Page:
7 Randy Orton


When you’re a third generation wrestler, there’s a good chance that you’re going to be able to keep your real name throughout your career. Orton is the grandson of Bob Orton, Sr. and son of “Cowboy” Bob Orton. Orton started down in Ohio Valley Wrestling in 2001 with the hopes that he would be a main event talent, and he certainly came through. By 2002, he was already on the main roster and was linked with Evolution, and he hasn’t looked back.

Orton has won a World Championship with WWE 13 times, meaning that he’s getting awfully close to the record. At only 37 years old, Orton has plenty of time to make his way to the top of the record books, though there’s a certain other person that uses his real name in the way. More on that later.

6 Harley Race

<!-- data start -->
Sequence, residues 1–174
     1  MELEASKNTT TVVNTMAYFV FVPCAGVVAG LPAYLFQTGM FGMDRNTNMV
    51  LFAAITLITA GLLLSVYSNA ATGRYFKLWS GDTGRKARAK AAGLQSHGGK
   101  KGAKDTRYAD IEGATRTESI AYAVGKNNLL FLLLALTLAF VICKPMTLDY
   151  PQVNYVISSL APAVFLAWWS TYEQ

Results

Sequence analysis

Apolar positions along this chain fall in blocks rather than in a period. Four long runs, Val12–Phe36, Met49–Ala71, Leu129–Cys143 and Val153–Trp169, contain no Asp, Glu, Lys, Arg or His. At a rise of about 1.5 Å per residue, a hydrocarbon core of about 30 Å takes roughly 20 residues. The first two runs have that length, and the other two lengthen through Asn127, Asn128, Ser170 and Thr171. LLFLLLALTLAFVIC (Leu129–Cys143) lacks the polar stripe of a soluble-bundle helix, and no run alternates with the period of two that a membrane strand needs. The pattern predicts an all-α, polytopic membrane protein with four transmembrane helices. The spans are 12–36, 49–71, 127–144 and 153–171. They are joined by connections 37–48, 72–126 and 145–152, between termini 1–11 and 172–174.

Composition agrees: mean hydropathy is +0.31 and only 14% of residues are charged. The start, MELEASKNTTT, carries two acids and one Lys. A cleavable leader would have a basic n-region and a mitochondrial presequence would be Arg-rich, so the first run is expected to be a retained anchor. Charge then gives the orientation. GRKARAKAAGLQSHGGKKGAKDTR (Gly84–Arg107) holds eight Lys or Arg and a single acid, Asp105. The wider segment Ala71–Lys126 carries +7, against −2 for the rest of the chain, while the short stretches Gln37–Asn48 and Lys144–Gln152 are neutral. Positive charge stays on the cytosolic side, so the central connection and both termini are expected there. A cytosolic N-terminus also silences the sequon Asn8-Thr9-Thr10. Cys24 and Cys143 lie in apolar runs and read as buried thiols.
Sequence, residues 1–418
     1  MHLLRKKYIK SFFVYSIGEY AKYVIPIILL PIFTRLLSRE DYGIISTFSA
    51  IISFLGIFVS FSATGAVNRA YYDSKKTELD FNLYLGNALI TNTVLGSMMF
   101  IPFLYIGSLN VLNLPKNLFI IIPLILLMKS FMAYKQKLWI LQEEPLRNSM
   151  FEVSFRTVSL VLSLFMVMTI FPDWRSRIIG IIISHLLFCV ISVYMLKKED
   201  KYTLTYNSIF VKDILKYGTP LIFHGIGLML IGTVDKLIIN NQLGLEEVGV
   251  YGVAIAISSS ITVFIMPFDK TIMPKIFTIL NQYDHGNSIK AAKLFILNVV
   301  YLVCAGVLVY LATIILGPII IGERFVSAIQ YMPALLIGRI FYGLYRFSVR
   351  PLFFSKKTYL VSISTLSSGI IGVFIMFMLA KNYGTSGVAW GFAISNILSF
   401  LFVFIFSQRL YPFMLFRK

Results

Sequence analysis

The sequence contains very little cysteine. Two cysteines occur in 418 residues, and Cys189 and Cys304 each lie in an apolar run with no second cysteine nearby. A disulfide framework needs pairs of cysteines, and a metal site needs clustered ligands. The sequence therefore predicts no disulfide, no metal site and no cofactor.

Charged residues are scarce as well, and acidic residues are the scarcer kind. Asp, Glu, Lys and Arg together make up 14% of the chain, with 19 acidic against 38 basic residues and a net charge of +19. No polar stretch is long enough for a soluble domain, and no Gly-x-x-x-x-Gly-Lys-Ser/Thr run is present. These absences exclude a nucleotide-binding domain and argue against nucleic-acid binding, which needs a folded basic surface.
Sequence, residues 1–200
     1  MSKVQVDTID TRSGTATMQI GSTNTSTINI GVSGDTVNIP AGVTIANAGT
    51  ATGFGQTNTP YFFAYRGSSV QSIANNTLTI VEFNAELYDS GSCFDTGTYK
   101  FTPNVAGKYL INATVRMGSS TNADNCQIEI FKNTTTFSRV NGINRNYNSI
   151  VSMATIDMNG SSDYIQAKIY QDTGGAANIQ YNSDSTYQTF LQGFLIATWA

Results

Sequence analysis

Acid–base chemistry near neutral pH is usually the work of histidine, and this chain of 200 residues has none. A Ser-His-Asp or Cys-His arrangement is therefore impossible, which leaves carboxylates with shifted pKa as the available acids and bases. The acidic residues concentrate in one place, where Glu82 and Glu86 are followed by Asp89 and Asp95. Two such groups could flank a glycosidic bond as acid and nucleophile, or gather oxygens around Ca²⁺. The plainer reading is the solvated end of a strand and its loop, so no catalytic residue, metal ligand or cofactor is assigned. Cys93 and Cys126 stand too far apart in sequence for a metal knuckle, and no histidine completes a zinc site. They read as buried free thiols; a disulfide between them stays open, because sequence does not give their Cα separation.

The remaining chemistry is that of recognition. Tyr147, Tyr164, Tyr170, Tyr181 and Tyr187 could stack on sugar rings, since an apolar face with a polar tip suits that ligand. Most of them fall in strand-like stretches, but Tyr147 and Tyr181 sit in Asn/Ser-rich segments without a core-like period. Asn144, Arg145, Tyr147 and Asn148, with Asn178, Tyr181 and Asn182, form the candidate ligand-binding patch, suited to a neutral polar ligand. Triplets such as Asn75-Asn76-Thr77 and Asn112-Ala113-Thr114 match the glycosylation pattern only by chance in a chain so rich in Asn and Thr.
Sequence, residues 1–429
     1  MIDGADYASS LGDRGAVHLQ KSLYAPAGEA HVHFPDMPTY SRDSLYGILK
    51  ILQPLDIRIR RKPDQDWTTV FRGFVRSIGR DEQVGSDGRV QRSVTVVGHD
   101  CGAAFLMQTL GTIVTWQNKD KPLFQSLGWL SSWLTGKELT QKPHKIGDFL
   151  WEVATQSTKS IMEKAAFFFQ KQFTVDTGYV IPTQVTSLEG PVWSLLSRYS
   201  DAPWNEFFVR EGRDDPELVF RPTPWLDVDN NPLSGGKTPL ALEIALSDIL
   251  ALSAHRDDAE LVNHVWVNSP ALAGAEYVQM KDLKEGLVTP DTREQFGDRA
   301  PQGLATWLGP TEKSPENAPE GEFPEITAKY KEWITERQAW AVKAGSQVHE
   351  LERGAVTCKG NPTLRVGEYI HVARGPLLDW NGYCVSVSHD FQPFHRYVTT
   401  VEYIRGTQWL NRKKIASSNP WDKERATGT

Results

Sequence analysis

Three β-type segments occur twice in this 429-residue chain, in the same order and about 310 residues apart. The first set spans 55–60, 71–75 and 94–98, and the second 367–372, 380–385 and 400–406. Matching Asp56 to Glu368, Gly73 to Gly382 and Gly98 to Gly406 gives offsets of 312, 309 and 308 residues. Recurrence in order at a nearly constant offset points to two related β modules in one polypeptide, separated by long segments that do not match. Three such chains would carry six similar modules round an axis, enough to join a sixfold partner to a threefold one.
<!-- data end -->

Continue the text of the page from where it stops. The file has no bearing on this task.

While younger fans likely know about the likes of Jerry Lawler and Bob Backlund, there aren’t too many that know about the greatness of Harley Race. Race had a name that was perfect for the business, so he was never asked to change it when he started out in the 1960s. Race became a member of the American Wrestling Association and National Wrestling Alliance, eventually joining the WWE in the late 1980s.

Race also spent some time in the WCW, and has a slew of titles throughout different promotions around the United States. On three occasions was Race given the prestigious Match of the Year Award by Pro Wrestling Illustrated, and he became a member of the WWE’s Hall of Fame in the 2004 class, even though he didn’t win a championship with the company.

5 Brock Lesnar


One of the very few active wrestlers on the list, Brock Lesnar was already a well known commodity after winning an NCAA Championship as an amateur wrestler in 2000 at the University of Minnesota. Lesnar was immediately signed by the WWE and sent to their OVW developmental promotion, making his main roster debut in 2002. Lesnar received a fast track to the main event scene and hasn’t looked back outside of leaving temporarily for the UFC on a few occasions.